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July 2015 Issue
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Northland’s hidden gem

Mangere Stream flows through the Pukenui Forest at a leisurely pace. Photo: Michelle Martin
The most popular access point is via Amalin Drive off Three Mile Bush Rd. The dam on Whau Valley Rd and Barge Park in Maunu are other popular starting places

Taraire Ridge and Pukenui Loop tracks, Pukenui Forest, Northland 


Bordering Whangarei on its western flanks is the 1700ha Pukenui Forest, where there is a variety of walking tracks ranging from 30 minutes to five hours in duration. While there are some ups and downs, the gradient is generally modest and I regularly head there either with a friend or as part of our local tramping club.

Pukenui is a beautiful but under-utilised broadleaf forest, with perfect picnic spots by meandering streams. A trust group is controlling pests to low levels with further plans to protect and restore the ecosystem. It’s a cool place to be on a roasting Northland day, but is accessible year-round. It’s not uncommon to think you have the whole forest to yourself – surprising when suburbia is just a ridge or two away.

A couple of my favourite loop options begin at the Three Mile Bush Road entry point where you’d be forgiven for thinking you’re in rural England crossing paddocks bordered by attractive stone walls to reach a stile at the start of the forest.  

Armed with wet weather gear and some giant slabs of carrot cake, my friend and I set out along Taraire Track. The Taraire route dips up and down along a ridge line with taraire, rimu and kauri towering above, until it reaches the main ridge intersection where you can opt to head south to the Whau Valley Dam, city, or to Barge Park. Wanting to reconnect with our transport, we carried on around the Taraire Track until we linked up with the more popular Pukenui Loop Walk by the picturesque and barely bubbling Mangere Stream. The two tracks form a figure of eight and it’s possible to bail out to the car park at this point, or carry on around the second (Pukenui) loop, which is what we chose to do.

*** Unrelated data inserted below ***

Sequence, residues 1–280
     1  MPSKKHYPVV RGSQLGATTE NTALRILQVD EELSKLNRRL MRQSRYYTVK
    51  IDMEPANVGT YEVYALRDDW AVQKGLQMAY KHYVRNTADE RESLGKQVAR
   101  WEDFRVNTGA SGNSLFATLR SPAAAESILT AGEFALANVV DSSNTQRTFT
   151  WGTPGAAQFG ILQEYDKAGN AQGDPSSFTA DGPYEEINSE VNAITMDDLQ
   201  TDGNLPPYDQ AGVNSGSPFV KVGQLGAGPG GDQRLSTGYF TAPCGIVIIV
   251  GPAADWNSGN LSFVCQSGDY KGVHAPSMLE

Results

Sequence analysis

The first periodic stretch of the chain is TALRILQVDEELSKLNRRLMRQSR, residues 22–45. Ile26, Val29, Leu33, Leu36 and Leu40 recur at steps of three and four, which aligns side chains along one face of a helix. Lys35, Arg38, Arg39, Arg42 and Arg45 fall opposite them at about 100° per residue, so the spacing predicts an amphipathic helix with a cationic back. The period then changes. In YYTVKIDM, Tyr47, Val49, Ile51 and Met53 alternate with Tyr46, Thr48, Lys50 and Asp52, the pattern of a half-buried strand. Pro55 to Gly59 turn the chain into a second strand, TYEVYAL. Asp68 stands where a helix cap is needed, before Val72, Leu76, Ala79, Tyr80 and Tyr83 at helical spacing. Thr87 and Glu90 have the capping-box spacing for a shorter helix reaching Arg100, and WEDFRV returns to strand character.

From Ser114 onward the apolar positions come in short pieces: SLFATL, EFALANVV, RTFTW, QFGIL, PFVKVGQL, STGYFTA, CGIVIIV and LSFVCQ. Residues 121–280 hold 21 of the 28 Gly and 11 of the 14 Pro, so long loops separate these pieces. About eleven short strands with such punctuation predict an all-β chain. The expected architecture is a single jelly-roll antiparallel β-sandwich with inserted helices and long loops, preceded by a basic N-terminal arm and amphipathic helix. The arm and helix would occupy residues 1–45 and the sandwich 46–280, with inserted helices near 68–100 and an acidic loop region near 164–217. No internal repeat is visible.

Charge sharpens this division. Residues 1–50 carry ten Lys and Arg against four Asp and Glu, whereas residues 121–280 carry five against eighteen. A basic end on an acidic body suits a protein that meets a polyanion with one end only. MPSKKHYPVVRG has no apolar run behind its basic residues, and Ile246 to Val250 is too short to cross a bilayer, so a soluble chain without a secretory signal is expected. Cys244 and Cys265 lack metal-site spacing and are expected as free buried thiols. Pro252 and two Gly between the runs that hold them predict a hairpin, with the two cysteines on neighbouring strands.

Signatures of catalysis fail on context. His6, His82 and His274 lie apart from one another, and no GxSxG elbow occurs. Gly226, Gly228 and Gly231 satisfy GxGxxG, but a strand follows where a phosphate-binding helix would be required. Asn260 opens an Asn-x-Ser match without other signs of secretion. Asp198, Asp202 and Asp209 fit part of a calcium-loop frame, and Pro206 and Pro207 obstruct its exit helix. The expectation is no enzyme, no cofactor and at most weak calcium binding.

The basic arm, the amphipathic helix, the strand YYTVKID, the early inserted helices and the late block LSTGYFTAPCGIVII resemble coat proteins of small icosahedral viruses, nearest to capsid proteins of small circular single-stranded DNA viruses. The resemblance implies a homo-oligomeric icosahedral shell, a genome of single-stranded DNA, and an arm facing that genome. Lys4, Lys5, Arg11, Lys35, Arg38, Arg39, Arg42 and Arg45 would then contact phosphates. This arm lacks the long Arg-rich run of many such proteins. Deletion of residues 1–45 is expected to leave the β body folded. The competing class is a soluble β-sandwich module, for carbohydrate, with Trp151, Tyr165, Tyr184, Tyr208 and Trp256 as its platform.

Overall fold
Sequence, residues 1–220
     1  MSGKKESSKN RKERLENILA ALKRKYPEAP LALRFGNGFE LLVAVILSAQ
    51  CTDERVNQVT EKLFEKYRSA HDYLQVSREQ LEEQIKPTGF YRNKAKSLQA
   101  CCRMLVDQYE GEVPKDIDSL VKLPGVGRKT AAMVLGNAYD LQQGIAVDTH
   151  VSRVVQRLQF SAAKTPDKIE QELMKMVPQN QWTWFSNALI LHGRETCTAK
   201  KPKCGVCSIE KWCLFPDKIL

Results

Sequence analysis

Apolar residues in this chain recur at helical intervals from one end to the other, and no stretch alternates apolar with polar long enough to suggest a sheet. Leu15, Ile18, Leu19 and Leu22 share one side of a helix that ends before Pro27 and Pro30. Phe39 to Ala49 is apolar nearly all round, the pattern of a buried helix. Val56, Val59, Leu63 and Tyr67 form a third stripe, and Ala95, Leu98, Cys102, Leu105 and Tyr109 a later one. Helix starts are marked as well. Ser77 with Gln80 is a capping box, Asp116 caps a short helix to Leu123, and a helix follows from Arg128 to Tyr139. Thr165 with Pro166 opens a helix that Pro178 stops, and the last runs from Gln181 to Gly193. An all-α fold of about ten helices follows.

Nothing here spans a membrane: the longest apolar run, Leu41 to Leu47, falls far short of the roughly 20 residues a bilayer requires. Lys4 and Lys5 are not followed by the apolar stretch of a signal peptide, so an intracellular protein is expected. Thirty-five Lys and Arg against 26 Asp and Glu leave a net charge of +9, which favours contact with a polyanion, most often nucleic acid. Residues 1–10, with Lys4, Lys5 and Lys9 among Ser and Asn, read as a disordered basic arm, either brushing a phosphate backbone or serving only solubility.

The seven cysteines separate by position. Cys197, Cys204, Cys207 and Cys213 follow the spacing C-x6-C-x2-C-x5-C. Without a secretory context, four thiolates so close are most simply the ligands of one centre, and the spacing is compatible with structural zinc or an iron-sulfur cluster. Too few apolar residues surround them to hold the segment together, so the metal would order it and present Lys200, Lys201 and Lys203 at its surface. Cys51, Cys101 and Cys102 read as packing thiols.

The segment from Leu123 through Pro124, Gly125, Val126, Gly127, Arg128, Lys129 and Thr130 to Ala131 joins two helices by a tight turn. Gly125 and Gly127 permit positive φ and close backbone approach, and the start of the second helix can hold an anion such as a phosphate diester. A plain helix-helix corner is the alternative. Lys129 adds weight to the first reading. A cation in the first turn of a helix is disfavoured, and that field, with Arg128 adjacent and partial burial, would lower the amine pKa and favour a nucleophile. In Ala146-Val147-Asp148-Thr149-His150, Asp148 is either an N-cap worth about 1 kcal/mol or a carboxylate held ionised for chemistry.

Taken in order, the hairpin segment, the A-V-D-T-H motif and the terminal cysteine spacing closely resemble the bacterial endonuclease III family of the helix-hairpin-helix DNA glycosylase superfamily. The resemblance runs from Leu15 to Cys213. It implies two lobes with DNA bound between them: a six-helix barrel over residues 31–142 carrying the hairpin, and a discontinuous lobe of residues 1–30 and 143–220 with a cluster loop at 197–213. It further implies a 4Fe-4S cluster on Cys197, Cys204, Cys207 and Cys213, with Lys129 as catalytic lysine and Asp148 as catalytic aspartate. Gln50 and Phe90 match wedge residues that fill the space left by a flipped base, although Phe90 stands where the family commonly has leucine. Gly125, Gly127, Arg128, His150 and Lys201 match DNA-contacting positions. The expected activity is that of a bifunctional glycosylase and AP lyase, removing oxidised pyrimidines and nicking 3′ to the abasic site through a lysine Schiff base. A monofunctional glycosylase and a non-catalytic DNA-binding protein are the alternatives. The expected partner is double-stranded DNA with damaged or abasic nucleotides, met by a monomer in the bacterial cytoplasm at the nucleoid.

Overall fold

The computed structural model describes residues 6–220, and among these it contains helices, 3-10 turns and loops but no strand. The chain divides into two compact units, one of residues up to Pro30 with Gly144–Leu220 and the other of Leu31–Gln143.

The stream is the perfect place to stop for a snack, but never achieves enough depth to be enticing for a dip. The forest is incredibly lush with every shade of the green spectrum on display. Not wanting to rush off, I hauled out my tripod and camera trying in vain to capture the ambiance and serenity in the form of a digital take-home memento. I could have idled away a few hours there, but the carrot cake was long gone.

Setting off again, a kamikaze fantail swooped around and flashed its tail, obsessively following us along the track. The trail followed Mangere Stream for some time before a short but steep climb led onto the ridge tops again. A marked detour off the track leads to a huge kauri. Visitors are advised to stand back and stay off the tree roots to help prevent kauri dieback. Making sure your boots are clean and preferably disinfected is good practise when visiting Northland’s forests.

Carrying on, it’s an easy amble back out to the car park. In no time you could be enjoying a coffee in a city cafe, or heading to one of the many local beaches for an evening swim.

Michelle Martin